A complete on-line description of this great Festival, with pictures and much more detail, is available here:

Society for Creative Anachronism - I

The two combatants continuously circle each other. On one side crouches a Swiss knight, on the other a German crusader. The harsh sound of metal on metal erupts with each glancing blow.

The German, known as Sir Michael Nymamdus Von Falkenburg, lands a killing blow and his opponent slumps to the ground.

He throws up a triumphant fist and removes his helmet. He happily helps his fallen opponent, called Volkmar, back up and the two exchange hearty smiles.

The German knight is father to an 11-year-old girl, who sprints up and down the building’s stairs in-between fights. When he returns home, his name is Michael Bull. The 46-year-old works in the financial industry and enjoys playing soccer in local leagues.

But Bull’s foremost passion lies in his 16 years spent at the Society for Creative Anachronism (SCA). The SCA is dedicated to preserving and reenacting the arts and skills of pre-17th century Europe.

The organization can be found throughout the United States, as well as in Canada, Australia, Japan and a myriad of European countries. The region Lincoln encompasses is known as the “Barony of Mag Mor.”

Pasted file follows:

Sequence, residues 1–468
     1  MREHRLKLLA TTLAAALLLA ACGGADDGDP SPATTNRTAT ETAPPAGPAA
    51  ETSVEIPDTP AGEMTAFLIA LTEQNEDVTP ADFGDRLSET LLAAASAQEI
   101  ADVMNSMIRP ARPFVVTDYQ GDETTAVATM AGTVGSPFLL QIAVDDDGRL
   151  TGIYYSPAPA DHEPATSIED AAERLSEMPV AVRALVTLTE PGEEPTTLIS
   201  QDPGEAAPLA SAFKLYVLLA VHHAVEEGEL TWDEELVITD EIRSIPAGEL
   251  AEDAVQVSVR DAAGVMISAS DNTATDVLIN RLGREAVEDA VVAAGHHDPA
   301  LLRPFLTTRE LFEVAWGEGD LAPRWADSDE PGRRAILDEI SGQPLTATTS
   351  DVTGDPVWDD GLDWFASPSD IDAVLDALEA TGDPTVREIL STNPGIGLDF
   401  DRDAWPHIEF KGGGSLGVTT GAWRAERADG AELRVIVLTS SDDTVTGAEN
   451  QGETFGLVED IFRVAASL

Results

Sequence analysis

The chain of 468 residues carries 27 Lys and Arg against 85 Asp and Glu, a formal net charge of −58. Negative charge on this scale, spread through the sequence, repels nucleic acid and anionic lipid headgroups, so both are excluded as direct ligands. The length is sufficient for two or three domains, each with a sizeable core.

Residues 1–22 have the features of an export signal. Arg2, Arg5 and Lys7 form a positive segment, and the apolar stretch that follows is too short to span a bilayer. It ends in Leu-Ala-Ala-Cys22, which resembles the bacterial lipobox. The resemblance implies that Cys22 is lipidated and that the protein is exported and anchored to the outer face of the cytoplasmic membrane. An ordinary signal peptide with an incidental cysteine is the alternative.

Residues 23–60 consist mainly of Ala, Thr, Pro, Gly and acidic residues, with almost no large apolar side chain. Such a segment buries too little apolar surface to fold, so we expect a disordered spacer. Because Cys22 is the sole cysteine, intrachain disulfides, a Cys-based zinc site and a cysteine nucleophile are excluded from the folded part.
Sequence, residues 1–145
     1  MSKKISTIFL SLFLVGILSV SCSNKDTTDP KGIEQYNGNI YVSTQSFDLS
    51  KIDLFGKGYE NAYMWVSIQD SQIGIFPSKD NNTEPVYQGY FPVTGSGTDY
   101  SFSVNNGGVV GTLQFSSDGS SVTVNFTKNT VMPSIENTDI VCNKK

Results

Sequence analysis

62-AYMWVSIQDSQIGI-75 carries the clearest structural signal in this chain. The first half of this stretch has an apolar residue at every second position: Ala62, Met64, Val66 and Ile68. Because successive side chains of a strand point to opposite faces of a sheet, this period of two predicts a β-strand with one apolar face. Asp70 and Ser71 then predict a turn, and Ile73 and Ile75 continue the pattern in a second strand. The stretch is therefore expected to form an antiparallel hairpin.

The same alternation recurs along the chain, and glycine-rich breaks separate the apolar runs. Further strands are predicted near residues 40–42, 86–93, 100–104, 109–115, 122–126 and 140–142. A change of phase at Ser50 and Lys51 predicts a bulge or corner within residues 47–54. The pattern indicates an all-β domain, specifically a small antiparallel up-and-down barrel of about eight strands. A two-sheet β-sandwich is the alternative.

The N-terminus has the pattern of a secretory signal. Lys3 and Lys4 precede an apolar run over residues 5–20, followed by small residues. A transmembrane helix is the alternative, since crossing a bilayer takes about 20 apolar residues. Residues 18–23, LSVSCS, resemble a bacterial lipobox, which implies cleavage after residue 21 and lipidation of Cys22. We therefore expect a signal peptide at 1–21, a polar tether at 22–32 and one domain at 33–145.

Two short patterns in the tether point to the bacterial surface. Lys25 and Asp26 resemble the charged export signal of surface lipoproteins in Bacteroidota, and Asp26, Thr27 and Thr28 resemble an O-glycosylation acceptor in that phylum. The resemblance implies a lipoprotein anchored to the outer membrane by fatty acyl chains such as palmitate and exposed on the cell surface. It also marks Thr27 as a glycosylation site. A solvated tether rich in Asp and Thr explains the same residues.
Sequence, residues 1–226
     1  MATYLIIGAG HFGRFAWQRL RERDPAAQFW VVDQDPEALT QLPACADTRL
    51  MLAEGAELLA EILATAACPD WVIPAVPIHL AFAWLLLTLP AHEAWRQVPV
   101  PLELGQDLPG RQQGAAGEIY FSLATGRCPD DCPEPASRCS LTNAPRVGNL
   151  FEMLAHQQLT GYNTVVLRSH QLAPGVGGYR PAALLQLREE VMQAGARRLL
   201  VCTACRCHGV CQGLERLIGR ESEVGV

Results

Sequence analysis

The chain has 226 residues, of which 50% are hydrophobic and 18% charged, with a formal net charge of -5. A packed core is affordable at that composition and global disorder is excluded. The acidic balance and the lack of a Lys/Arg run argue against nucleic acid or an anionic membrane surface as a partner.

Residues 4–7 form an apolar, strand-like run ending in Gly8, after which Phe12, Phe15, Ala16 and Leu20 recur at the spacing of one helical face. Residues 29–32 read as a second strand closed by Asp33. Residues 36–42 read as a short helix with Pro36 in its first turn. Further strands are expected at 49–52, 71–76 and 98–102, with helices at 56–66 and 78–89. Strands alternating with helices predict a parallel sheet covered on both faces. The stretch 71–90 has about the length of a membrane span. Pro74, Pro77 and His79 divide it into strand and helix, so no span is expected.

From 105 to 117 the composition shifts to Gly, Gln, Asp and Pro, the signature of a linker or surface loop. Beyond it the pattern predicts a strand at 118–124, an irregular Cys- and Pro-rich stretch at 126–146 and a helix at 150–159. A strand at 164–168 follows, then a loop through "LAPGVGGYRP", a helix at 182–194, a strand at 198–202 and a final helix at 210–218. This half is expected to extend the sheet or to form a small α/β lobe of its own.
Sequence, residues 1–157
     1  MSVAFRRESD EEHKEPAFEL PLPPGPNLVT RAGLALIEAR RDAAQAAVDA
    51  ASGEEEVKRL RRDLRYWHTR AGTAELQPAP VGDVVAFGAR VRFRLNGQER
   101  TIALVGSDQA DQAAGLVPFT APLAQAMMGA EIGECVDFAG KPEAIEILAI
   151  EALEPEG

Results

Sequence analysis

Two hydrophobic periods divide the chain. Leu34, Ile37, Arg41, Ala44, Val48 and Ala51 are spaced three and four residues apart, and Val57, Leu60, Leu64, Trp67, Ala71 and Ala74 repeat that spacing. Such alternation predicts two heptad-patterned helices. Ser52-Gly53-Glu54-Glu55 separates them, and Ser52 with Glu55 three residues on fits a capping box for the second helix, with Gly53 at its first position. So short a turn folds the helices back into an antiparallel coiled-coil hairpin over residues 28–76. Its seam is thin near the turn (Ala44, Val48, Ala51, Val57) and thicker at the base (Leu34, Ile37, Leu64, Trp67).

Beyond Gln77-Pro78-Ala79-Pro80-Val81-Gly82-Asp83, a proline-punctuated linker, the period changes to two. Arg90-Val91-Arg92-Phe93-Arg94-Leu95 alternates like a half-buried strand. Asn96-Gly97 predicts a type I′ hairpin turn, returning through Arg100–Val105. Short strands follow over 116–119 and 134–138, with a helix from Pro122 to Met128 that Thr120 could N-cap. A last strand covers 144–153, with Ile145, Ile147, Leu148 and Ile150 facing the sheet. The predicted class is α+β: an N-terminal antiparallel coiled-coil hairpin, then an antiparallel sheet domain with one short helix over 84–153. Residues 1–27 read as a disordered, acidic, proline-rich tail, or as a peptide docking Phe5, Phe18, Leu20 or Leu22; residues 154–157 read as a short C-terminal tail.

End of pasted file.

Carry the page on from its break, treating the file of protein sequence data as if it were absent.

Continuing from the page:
Fighting is the most popular part of SCA and fighting rules account for the location of each blow and the force behind it. When combatants are struck in the arm, they lose use of it. When they receive a blow to the leg, they’re forced to kneel.

“My goal is to kill him, not hurt him,” Bull said with a smile. “So it’s on me and it’s on him to both know that we’re safe.”

Marshalls act as referees for the fights and check to make sure that each participant is wearing the correct amount and type of armor. Headshots are allowed, so all fighters are required to have helmets that completely cover and protect the face. Bull said with all the armor worn, the blows are painless as long as the necessary precautions are taken…. 

While fighting is a large facet, people also get involved through the arts and sciences.
“I fight of course,” Bull said. “But I also embroider, I make clothes [and] I’ve made some armor. My wife brews [and] she makes glass beads. She also does calligraphy.”
The recreation of medieval garments is one of the most popular outlets, with many members learning how to weave, sew and embroider. Dance, brewery, glass bead making and blacksmithing, among other skills, are also learned and taught by community members.

Theresa Norris is positioned in the building’s basement; her hands at work on a loom. She’s making a belt out of wool using techniques from the 10th century. She’s been a member of SCA since she was 12, joining in the early ‘90s.